ite web officiel : http://www.eglise-reformee.fr/
The Eglise Réformée de France (ERF) of today was formed in 1938, from the union of different groups both liberal and orthodox which were created on the official separation of church and state in 1905. Other groups such as Methodists and “librists” joined the ERF at ths moment. Its origins are in fact much earlier since the reformed Protestantism exists since the Reformation.
Born with the Reformation of the 16th century, maintained across the difficulties of history, co-founding member of the Protestant Federation of France, the ERF is the largest protestant group in France. Its core of active and engaged members is constituted by around 50,000 families. But there are over 300,000 persons who participate or call on its services. They are less and less from traditional protestant families or regions.
The annual national Synod is charged with governing the Eglise Reformée de France. The national Synod is charged with analyzing the activities of the church and comparing it with the expressed needs of the 470 local churches. (Cultural associations under the law= legal structures; the ERF counts 881 places where church services are regularly held). Composed of 92 members with deliberative powers, elected by eight regional Synods, and the consulting members representing charitable associations, movements, institutions, and teams linked to the ERF, there in total around 200 participants, both laymen and pastors, men and women. By the resolutions voted the last day of the session, the Synod expresses its thoughts on subjects of society.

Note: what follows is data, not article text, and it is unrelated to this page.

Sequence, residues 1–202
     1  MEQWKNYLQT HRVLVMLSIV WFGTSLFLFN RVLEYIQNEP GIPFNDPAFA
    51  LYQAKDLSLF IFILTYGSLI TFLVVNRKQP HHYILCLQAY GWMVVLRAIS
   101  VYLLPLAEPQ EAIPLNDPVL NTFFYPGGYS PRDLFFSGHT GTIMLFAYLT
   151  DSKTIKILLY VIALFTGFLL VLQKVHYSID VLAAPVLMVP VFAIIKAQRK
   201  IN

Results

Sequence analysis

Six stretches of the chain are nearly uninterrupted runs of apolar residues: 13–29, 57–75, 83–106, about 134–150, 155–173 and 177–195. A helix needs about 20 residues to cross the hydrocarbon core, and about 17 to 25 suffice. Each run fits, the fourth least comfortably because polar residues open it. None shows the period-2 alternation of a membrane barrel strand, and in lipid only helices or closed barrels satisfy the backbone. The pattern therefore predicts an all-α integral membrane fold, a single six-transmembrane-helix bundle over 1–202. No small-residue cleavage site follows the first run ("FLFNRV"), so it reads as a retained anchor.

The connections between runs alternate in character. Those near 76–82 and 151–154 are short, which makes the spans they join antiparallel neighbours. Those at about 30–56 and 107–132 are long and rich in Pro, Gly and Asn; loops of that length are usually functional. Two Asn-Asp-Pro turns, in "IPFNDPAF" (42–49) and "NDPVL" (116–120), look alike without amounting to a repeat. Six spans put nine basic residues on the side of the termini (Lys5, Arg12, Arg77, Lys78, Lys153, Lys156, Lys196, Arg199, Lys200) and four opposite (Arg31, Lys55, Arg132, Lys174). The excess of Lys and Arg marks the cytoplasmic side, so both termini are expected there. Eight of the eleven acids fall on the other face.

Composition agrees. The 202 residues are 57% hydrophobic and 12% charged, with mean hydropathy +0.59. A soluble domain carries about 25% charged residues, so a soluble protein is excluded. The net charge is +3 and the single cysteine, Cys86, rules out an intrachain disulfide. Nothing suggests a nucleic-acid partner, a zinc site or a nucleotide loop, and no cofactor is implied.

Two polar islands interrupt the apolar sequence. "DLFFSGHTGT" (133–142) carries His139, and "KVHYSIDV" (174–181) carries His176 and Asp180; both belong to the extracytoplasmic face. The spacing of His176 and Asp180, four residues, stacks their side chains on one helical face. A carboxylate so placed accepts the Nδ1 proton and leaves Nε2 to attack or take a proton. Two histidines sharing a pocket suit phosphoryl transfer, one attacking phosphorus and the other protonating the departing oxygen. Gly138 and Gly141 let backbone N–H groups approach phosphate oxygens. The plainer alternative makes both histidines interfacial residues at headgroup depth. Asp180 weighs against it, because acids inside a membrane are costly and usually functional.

The ERF together with the Eglise Evangélique luthérienne de France (EELF) and l’Union des Eglises protestantes d’Alsace-Lorraine (EPAL) the Communion protestante luthéro-réformée (CPLR). At the European level, this Lutheran –Reformed exchange takes the form of Communion des Eglises protestantes en Europe (CEPE) ou Communion ecclésiale de Leuenberg : : churches that are part of this group have agreed on “the essential” and therefore cooperate in the following manners: mutual recognition of ministers, pastor training, common subjects of dicussion and projects of the church, pooling of resources, etc. At the Sochaux Synod in 2007, a project of the merger of the ERF and EELF were voted, and the most recent Synod voted the final merger.
The ERF is a member of the Fédération Protestante de France (FPF) which includes the churches of the CPLR, various evangelical churches, Baptists, and the Adventist Church. The question of admitting the Pentecostalists is under study.
On an international level, beyond Europe, the ERF is part of the l’Alliance réformée mondiale (ARM) and the Conseil Oecuménique des Eglises (COE)both headquartered in Geneva.
There are approximately 110,000 families or persons known (persons with a link to the church) representing around 300,000-400,000 persons: the ERF has made the choice to be an “open” church, and not keep a complete list of its members. About 50,000 families participate financially and contribute on average 384 Euros.
There are 492 “cultural” associations under the law, with 881 places that frequently hold church services, and 412 pastoral positions, some of which are not filled.
The ERF hand the Fédération Protestante de France. 70 other pastors exercise their ministry in Associations, and mouvements: prisons, hospitals, military, and with young people, aide services, religious communities, Cimade, biblical animation, missions, teaching, and other churches.
29% of the pastors are women, and there are 28 pastor couples. The average age of an active pastor is 47, and 18% are of foreign citizenship.